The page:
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Government Mandated Military Discounts

Government Mandated Military Discounts

This Saturday, we are taking a break from Small Business Saturday to address a hot button topic surrounding military discounts. As more states adopt the Veterans' ID Program which designates individuals as veterans, some legislators are pushing companies to provide discounts to those identified as a veteran.

In Connecticut, Senator Joe Markley is specifically requesting that Home Depot and Lowe's honor the Veterans' ID program by giving discounts to the identified parties. With over 72 legislative signatures, the movement is essentially trying to mandate a government or military discount.

Now, you know we love our military discounts. It's what we do. We work hard to ensure that our men and women in uniform and their families know what they are entitled to. But, mandating a discount is not what we are about and while we don't speak on behalf of the entire U.S. military, we are pretty sure our brothers and sisters would agree.

Most military folks don't like asking for discounts in the first place. The question itself can appear entitled and selfish and those are two things our military is not. That's why our app is designed to make service men and women aware of the discounts readily available so they don't have to take a chance asking. We would rather the discount be provided out of appreciation for service and sacrifice than a government mandate.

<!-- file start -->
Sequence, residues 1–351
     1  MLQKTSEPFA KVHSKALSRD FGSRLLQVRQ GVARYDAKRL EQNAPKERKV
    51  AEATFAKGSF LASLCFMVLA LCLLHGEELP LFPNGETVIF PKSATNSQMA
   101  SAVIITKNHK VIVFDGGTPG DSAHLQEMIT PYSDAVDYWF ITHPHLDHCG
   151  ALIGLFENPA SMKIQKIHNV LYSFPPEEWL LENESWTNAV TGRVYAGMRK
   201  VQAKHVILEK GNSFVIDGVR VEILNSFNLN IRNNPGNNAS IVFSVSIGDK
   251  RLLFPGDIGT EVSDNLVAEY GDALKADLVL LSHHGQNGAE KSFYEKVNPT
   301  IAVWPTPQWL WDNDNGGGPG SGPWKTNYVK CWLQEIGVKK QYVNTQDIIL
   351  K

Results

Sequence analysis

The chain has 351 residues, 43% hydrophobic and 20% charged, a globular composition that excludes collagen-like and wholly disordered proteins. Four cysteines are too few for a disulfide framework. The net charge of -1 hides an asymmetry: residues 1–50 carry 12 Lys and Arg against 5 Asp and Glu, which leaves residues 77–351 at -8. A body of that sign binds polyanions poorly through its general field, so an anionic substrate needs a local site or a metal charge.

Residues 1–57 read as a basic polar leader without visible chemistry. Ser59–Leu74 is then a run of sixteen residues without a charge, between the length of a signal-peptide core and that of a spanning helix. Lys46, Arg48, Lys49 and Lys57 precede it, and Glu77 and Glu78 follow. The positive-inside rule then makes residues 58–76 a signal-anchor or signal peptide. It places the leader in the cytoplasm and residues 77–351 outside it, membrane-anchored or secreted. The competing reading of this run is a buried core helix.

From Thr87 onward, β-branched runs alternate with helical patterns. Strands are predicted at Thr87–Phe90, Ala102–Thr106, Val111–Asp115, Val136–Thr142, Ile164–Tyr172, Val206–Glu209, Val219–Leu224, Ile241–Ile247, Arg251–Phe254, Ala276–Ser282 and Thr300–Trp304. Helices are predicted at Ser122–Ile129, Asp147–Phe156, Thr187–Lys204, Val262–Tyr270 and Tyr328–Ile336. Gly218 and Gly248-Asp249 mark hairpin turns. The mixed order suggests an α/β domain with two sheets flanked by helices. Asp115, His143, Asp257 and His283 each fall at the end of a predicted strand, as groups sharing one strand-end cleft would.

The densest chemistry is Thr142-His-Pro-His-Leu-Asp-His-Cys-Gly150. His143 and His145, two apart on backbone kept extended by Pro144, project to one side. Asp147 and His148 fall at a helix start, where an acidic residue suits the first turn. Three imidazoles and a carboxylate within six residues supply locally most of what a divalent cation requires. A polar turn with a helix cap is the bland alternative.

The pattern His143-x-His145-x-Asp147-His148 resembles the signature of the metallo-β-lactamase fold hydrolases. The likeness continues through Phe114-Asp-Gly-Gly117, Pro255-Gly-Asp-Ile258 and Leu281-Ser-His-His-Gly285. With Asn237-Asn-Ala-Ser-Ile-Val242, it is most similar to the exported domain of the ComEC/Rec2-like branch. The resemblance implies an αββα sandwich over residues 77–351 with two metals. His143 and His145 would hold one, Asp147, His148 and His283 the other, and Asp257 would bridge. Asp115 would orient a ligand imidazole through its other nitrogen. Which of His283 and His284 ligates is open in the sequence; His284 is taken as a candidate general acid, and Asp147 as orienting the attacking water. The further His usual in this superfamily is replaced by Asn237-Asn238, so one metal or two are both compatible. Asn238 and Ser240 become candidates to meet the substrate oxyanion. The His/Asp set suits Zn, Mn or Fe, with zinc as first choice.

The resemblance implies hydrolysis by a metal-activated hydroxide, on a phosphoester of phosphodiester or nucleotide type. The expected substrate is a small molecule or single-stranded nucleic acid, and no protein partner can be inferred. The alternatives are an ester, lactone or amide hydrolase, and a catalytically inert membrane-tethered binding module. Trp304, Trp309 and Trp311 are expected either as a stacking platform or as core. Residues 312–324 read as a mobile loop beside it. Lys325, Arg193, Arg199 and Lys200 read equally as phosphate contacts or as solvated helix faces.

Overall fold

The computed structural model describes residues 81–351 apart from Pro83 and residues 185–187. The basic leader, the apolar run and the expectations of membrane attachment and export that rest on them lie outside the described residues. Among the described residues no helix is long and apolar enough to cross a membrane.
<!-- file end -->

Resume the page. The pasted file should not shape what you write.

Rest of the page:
We are the land of the free. We fight for freedom and and we would die or that freedom. That freedom is extended to corporations and this mandate is actually the opposite of freedom. By forcing corporations such as Home Depot and Lowe's to provide a discount to those who would otherwise be excluded from the discount is taking away profit, intruding on the very freedoms we fight for.

Servicemen and women appreciate military discounts both for the discount itself and the corporate acknowledgment of their service. Ironically, a discount required by law cheapens the spirit of the discount, making it clear to servicemen and women that it is not an acknowledgement of their service, but just a cost of doing business. And while it may not tread on some of those freedoms that Americans traditionally hold dear such as freedom of speech or freedom of religion, it treads on that freedom which affects our daily lives more than any other: the freedom to business whenever and with whomever we please, on whatever terms we desire. Don't let freedoms be cheapened in the name of supporting the troops.